At least one of these three ingredients in my title does not mix well with the other two.
I know what you’re thinking: “Stupid point, how could ‘goat brains’ mix well with anything?!?” That is probably the correct answer in most situations.
Just not in this particular situation.
The good people at Philadelphia’s Dock Street Brewing Co. set me up. Unintentionally, I’m sure, but set me up nonetheless. I just stumbled on a Business Insider tweet reporting that Dock Street has concocted “smoked goat brains” beer in tribute to a zombie show on cable TV. I haven’t read it, but Business Insider says the brewer’s accompanying press release touts the brains “to infuse a subtle, smoky flavor into the beer while the cranberries provide tartness and a pale redness reminiscent of blood.”
OK, so that’s sort of interesting, you might say. Beer made of goat brains. Provocative. Different. Probably won’t displace the spot on my fridge shelf reserved for Racer 5. Thanks anyway, though. In short, so what? Why am I reading about you reading about this?
This for me is another in a long line of cautionary tales that I have proven myself constitutionally incapable of absorbing. No, not putting stuff in food that probably shouldn’t be in there, and not eating things that probably shouldn’t be eaten. This is not another crickets story.
Nope. This is more of a “look before you share a Twitter link” type-deal. A modernized “look before you leap,” digital parable.
If you are like me, and have accumulated a, shall we say, “broad array of substantive content” streaming into your Twitter feed, please mind the gap, beware the pitfalls. Don’t be a dumbass.
The articles about dogs’ instinctual pooping in alignment with the earth’s magnetic fields, a group of jellyfish affectionately known as “the smack,” vitriolic rants about one college basketball team or the other, and now the goat brains beer? Those are barely palatable to me, mainly because I hit “Follow” somewhere along the line and have only myself to blame.
Those articles do not need to be sprayed out willy nilly, just because you (and by “you” I mean “I”) think they are interesting and must be shared with someone immediately.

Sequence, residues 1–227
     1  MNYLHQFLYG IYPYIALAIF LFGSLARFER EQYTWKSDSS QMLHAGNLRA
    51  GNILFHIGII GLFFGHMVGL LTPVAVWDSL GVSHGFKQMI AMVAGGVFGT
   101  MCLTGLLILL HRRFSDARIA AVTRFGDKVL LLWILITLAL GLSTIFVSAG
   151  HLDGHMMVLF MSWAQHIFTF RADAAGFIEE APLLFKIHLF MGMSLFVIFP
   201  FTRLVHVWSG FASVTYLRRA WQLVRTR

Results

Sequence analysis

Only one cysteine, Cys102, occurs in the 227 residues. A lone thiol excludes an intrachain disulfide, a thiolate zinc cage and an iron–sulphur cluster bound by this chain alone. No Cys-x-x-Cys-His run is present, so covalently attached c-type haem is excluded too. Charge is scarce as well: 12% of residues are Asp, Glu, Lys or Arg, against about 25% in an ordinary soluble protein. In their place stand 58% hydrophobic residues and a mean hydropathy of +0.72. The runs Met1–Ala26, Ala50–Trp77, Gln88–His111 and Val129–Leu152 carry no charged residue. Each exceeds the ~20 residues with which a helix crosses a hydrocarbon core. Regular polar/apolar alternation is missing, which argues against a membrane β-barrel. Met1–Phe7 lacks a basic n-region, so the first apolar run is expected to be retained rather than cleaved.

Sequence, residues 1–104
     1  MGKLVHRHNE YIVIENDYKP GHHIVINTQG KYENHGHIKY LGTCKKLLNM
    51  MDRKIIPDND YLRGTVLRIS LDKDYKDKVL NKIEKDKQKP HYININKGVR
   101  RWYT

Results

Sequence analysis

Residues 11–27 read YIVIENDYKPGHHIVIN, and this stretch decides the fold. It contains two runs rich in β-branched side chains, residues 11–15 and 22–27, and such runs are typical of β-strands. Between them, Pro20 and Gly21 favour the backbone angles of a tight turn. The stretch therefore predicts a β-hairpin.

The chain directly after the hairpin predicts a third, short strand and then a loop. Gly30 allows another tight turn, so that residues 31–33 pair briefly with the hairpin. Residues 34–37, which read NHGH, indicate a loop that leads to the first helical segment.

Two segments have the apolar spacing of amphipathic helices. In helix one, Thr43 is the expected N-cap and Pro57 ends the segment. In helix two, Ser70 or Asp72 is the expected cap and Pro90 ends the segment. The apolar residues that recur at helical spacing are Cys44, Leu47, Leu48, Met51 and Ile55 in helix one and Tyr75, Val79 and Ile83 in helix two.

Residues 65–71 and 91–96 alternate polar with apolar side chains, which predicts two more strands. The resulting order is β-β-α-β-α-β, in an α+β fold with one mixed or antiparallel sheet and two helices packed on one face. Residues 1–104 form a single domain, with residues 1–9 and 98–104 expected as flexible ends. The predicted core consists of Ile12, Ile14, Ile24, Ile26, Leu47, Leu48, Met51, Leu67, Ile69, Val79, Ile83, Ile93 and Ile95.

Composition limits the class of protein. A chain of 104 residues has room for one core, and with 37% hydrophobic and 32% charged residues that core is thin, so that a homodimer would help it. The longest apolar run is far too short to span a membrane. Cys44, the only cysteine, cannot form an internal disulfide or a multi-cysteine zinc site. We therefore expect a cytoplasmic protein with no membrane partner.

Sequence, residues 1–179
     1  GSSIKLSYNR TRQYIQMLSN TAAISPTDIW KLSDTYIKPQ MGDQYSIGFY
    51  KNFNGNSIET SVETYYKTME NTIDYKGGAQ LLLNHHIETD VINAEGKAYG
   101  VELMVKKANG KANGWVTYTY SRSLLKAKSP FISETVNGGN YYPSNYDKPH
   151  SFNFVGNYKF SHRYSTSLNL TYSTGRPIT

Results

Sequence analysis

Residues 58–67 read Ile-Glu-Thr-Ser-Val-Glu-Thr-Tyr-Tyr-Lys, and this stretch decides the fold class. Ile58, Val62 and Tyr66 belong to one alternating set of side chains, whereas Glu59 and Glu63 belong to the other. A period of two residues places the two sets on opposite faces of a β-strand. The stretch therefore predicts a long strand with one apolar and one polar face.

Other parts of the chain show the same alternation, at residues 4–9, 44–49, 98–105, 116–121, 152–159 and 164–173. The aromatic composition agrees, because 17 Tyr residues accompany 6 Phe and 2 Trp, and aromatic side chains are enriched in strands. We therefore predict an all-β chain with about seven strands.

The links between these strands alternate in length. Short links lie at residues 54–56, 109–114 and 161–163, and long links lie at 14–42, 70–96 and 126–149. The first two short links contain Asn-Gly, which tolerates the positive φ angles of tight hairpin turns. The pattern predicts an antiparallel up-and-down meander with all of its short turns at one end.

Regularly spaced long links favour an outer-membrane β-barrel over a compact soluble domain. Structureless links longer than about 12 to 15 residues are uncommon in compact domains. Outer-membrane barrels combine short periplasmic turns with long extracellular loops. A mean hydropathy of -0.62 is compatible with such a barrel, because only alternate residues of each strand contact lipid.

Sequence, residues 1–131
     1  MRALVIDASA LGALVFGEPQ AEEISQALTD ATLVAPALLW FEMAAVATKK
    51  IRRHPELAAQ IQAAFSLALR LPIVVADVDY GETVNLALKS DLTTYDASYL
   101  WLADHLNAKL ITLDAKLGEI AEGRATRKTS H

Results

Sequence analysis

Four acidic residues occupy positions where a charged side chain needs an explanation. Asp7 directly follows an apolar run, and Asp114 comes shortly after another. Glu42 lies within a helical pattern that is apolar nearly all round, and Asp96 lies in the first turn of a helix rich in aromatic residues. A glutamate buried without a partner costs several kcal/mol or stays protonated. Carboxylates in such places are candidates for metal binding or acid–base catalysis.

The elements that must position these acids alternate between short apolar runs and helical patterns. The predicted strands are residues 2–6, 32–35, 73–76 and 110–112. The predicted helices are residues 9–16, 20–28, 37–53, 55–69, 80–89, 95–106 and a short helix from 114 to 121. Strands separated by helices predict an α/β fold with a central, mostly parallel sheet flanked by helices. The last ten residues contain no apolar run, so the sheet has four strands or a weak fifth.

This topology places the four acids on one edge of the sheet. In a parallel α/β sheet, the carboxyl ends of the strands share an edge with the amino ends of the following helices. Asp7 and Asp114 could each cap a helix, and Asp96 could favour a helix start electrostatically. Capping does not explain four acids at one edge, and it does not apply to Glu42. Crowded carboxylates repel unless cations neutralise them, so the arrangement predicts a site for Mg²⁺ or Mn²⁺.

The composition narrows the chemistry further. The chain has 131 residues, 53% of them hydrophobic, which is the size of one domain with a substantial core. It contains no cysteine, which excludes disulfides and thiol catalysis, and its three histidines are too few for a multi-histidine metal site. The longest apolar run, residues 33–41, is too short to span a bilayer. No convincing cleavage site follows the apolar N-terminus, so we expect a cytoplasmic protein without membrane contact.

Ease up with the “immediacy” part, would you? (And by “you” I mean “I”). Sharing at a full sprint can be dangerous.
Case in point: Within about 15 seconds after reading (OK, scanning) the Business Insider goat brains beer article, I forwarded it along to the founders of a different beer company. Fairly recent friends of mine whom I respect and apparently feel a burning need to impress. My thumbs danced across my iPhone keyboard, eager to share this bit of inspiration. I even added a personal note — “Saw this just now, made me think of you” — lest they think I share Twitter articles with just anybody.
What I intended to communicate was that there is a beer company-specific crowdfunding platform, or community, and that that might be interesting to my beer company friends. We had been exploring crowdfunding together over the past few months.
What I had intended to communicate is that this beer-focused crowdfunding platform’s Twitter handle is @crowdbrewed. CrowdBrewed, you see, just happened to tweet the goat brains beer article. In my haste, said goat brains beer article was the only content that found its way into my beer-making friends’ inbox courtesy of yours truly. Nothing about crowdfunding at all. Hard to send a more seemingly-bizarre email if you tried.
Fortunately I caught my error, though of course only after sending the “Hey guys you need to make beer out of goat brains!” initial email. That is the only way to describe the substance of my first email. What a dumbass (and by “dumbass” I mean “me”).
I hope that my follow up email explaining my folly restored whatever thin thread of credibility I still have with the brewers.
Or at least caused them to re-think filling out the Police Department paperwork required to apply for a restraining order. It was an honest mistake, Your Honor.
Thanks for reading.